EPA Refrigerant Certification  

What is EPA refrigerant certification? EPA refrigerant certification is required for those that handle refrigerants.  They must be certified and pass a written EPA certification test  administered by organizations approved by the EPA.  To become certified to purchase and handle refrigerants, technicians must pass a written EPA refrigeration examination specific to the type of work in which they specialize.
Local and online EPA 608 certification tests are offered.
The North American Technicians Excellence (NATE) and the Environmental Protection Agency (EPA) both offer HVAC certification

The three possible areas of EPA refrigerant certification are: Type I Certification —servicing small appliances; Type II Certification—high-pressure refrigerants; and
Type III Certification—low-pressure refrigerants.  Certification exams and
certification classes are administered by organizations approved by the U.S. EPA
and include trade schools, unions, contractor associations, or building groups.
Universal certification
involves issues pertaining to all three specific types.

Technicians receiving a Universal Certification are certified to work on any type of
air conditioning and refrigeration equipment except motor vehicle air conditioning.
To become Universal Certified you must pass the Core, Type I, Type II, and Type III sections of the 608 exam.

The examination covers issues and compliance of the EPA 608 refrigeration recycling rules as specified in the Clean Air Act. Some of the issues on the EPA certification
test are summarized below.


Core Issues:

  • Ozone depletion
  • Clean Air Act and Montreal Protocol
  • Section 608 Regulations
  • Substitute Refrigerants
  • Safety Issues


  • Refrigeration states and gauges
  • Definitions of recover, recycle and
    reclaim
  • Recovery and evacuation techniques
  • Shipping requirements

Type I Certification: servicing small appliances 

  • recovery requirements including refrigerant identification techniques and passive recovery devices
  • definition of small appliances
  • recovery techniques
  • evacuation of small appliances with and without compressors
  • safety issues including high temperature decomposition products

Type 2 Certification: high pressure systems 

  • leak detection
  • leak repair requirements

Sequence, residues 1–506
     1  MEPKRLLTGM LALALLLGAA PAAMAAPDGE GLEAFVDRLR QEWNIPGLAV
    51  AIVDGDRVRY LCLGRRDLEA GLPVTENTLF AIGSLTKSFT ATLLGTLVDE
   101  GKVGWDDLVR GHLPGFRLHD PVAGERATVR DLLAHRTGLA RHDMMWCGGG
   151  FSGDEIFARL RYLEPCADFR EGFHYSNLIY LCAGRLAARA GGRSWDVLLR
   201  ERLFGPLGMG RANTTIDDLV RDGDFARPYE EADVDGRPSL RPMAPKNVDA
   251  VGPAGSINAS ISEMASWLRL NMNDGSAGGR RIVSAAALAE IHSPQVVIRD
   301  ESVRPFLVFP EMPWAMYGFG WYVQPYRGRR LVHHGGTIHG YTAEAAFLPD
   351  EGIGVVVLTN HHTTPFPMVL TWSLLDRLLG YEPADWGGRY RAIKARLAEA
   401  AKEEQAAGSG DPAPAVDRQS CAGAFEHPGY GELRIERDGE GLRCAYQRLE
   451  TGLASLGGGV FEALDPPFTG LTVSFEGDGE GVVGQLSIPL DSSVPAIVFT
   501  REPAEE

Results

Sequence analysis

• recovery techniques including methods
    for speeding recovery and avoiding cross contamination
  • recovery requirements including evacuation and disposal requirements
  • refrigeration identification and pressure temperature relationships
  • safety issues including equipment room requirements

Type III Certification:  low pressure systems

  • leak detection including signs of leakage and order of preference for test pressurization methods
  • leak repair requirements including allowable annual leaks rates
  • recovery techniques including both liquid and vapor recovery and high pressure recovery device cut-out levels

 

  • recharging techniques including vapor introduction before liquid and charging
    of centrifugals
  • recovery requirements including disposal, major vs. non-major repairs and
    allowable methods
  • refrigeration including purpose of purge unit and P-T relationships of low
    pressure refrigerants
  • safety issues including ASHRAE Standard 15 requirements for equipement room
Summarized from:
(1) Bureau of Labor Statistics, U.S. Department of Labor, Occupational Outlook Handbook, 2014-15 Edition, Heating, Air Conditioning, and Refrigeration Mechanics and Installers, http://www.bls.gov/ooh/installation-maintenance-and-repair/heating-air-conditioning-and-refrigeration-mechanics-and-installers.htm
(2) US Environmental Protection Agency, Overview of Issues on EPA Certification Test,http://www.epa.gov/ozone/title6/608/technicians/certoutl.html

This site is intended only for informational purposes and is not a substitute for professional guidance.